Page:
Both sides were upbeat about the wide-ranging trade talks.
The U.S. cited progress on intellectual property protection, market barriers and Chinese government procurement policies but said there was much more to be done.
"We have provided a new platform for a strong U.S.-China relationship," acting U.S. Commerce Secretary Rebecca Blank told a news conference.
China pointed to U.S. reforms of its controls on high-technology exports and a commitment to fair treatment for Chinese companies investing in the U.S. China claims its companies are discriminated against in national security screening procedures.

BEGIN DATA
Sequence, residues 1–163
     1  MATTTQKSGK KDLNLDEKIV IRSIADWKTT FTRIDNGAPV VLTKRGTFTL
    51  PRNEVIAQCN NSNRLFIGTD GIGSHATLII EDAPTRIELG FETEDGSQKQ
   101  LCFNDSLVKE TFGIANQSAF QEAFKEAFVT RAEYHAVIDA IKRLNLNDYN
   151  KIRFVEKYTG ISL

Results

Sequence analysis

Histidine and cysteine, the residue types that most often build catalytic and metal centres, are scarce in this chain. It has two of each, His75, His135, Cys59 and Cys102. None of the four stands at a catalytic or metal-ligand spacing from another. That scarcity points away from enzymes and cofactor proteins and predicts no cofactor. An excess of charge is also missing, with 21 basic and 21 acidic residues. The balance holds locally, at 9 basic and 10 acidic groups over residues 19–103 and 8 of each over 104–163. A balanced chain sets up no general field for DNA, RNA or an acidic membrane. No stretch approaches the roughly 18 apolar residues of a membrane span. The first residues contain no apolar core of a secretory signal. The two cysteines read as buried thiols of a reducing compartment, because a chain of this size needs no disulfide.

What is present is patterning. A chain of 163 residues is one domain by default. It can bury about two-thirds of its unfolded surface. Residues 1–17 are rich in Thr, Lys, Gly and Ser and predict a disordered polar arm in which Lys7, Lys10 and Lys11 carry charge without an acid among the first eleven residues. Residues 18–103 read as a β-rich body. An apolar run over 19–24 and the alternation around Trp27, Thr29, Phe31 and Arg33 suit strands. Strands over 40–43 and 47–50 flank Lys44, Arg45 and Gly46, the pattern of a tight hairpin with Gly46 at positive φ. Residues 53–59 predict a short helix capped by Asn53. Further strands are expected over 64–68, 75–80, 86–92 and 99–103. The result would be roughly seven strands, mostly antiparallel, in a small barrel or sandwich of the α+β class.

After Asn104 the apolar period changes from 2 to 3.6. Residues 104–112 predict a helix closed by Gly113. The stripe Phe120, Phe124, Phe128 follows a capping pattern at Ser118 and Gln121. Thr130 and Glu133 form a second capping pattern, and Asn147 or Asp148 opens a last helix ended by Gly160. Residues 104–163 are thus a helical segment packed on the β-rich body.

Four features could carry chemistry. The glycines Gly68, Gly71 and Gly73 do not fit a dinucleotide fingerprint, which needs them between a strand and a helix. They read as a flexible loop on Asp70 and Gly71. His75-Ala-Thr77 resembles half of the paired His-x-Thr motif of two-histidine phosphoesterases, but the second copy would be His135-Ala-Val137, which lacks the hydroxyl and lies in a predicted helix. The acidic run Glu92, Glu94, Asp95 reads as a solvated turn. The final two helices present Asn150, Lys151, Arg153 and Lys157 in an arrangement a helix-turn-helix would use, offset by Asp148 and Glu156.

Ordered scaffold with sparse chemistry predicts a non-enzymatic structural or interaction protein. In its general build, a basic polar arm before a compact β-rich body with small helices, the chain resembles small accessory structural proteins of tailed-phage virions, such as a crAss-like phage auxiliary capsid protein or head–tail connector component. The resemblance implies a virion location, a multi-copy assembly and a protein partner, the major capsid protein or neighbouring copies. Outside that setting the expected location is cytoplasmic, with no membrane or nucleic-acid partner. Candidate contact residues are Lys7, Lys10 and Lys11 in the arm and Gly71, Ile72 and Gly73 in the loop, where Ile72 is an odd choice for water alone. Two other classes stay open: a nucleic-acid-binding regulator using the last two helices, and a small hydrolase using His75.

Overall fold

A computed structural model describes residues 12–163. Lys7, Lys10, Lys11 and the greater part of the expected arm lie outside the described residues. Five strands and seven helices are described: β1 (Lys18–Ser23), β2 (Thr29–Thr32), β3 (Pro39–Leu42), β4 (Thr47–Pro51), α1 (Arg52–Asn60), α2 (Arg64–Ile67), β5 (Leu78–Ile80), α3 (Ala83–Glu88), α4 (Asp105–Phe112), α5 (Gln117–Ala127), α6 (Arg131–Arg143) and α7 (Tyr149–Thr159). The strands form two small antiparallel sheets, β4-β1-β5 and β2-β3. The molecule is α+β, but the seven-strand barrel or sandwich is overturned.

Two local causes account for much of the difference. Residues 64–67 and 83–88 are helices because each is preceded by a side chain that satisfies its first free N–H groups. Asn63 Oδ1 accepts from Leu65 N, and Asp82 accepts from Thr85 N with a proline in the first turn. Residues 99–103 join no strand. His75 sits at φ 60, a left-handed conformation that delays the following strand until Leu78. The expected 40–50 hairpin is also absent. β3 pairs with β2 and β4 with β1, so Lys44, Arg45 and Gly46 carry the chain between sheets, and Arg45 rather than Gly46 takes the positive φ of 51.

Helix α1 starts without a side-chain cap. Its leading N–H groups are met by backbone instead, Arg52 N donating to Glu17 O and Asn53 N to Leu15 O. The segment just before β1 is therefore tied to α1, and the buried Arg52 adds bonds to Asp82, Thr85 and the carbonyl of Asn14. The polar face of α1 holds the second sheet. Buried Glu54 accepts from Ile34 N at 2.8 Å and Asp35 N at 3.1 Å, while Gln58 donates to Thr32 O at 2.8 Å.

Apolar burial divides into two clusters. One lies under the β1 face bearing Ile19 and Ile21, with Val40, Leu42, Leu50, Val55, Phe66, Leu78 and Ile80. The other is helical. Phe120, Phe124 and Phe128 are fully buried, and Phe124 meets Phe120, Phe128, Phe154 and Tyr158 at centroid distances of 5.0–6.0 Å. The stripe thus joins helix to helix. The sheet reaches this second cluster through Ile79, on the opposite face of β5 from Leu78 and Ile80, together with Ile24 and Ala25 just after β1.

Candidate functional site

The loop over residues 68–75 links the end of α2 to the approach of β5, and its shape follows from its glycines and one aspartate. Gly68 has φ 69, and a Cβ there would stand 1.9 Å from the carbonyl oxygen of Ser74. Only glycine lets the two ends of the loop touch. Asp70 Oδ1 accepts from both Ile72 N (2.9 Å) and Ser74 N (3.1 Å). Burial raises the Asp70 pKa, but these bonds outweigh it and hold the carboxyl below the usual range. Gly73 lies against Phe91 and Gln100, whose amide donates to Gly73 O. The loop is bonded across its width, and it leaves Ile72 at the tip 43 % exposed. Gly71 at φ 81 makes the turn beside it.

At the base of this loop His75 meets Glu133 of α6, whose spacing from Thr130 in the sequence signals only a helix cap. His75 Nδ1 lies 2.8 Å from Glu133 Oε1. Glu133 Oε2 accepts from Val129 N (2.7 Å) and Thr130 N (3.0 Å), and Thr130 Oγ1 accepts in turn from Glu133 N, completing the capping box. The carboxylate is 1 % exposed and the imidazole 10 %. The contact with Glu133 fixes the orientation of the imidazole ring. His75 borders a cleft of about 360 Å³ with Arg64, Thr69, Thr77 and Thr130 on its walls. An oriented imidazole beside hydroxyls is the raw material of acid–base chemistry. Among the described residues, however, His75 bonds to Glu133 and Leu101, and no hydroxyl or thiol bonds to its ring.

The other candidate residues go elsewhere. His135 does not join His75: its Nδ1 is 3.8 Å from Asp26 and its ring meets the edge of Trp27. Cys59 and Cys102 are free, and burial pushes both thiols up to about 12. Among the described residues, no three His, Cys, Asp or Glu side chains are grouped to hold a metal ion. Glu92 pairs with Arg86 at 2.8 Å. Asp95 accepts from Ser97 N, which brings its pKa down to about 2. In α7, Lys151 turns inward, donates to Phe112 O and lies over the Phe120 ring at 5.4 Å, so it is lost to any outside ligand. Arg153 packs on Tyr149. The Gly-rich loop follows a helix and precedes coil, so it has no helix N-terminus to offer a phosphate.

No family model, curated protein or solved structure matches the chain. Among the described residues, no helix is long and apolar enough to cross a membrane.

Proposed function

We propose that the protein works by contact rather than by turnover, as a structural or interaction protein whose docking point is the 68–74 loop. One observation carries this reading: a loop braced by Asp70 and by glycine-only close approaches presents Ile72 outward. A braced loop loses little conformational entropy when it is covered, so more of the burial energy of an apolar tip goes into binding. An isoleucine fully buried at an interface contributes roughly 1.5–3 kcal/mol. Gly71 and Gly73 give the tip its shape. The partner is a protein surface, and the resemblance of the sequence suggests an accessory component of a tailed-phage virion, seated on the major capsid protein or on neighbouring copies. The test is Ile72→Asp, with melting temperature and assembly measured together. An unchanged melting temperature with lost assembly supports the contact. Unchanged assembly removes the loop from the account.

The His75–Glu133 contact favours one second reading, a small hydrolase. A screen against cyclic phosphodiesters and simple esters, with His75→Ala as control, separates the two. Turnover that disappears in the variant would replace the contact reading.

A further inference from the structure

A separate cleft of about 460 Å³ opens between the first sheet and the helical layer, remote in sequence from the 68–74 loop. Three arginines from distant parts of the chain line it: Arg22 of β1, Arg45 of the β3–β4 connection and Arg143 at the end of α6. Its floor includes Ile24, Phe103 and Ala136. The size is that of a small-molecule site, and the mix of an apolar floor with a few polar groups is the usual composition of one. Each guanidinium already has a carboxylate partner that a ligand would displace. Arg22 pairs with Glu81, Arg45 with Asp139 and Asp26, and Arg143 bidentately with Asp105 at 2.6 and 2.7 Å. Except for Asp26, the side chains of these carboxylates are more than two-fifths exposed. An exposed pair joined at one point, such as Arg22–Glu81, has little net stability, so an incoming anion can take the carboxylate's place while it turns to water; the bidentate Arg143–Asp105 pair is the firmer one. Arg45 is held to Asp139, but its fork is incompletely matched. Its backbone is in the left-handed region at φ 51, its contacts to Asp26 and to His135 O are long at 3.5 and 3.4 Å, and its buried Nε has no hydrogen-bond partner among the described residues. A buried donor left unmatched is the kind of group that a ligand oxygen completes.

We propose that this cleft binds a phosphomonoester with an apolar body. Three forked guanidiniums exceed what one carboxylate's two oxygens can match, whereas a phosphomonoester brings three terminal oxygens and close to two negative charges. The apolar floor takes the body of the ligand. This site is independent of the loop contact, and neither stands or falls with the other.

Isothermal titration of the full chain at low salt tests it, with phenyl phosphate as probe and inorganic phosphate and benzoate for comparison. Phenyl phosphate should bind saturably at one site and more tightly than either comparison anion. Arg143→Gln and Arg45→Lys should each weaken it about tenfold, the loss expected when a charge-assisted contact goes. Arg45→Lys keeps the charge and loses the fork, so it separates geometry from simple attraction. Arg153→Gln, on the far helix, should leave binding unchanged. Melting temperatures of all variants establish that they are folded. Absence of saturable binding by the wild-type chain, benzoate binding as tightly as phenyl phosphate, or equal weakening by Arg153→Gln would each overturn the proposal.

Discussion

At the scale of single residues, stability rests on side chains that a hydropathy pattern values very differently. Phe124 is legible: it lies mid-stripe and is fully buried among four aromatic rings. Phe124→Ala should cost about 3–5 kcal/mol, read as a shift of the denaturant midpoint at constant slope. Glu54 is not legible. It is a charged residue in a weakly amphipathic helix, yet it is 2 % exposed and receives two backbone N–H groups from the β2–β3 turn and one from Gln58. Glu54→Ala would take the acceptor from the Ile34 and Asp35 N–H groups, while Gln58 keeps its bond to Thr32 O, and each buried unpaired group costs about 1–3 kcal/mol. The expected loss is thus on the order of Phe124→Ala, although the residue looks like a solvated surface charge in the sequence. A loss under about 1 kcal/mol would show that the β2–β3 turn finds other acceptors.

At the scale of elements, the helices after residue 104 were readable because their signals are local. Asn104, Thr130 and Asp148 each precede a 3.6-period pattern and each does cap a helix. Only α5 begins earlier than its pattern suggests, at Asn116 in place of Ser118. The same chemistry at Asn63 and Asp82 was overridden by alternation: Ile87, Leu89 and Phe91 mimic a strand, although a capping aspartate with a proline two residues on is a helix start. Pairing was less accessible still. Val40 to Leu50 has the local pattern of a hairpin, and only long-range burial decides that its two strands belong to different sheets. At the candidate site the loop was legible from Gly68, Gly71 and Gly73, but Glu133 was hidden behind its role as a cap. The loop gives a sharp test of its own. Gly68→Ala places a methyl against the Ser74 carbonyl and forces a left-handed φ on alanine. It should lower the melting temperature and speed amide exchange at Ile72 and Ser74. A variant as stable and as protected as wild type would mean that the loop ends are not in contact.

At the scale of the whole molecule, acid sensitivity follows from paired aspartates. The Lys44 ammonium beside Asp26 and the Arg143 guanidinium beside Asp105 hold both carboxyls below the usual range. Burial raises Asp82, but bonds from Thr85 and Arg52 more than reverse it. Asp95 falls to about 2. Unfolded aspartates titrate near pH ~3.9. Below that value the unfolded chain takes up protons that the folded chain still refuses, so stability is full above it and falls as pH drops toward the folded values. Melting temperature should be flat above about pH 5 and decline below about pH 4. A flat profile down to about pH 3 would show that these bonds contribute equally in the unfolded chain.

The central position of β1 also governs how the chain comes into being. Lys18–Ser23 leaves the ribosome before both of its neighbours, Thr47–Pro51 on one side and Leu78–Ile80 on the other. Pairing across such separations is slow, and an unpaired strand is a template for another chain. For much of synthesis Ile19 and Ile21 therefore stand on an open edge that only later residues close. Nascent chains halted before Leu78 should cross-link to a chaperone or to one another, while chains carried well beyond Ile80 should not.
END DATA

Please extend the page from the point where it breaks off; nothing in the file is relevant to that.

Commerce Minister Chen Deming sounded a note of caution, saying China still needed to wait for a while to observe "what kind of measures the U.S. side is going to take." Wang contended that Chinese investors were being subject to political background checks.
U.S. Trade Representative Ron Kirk said China's concerns on the investment screening would be referred to Treasury but defended the screening procedures as having affected few investors. He said Chinese direct investment in the U.S. had grown to $9 billion from $2 billion in just three years.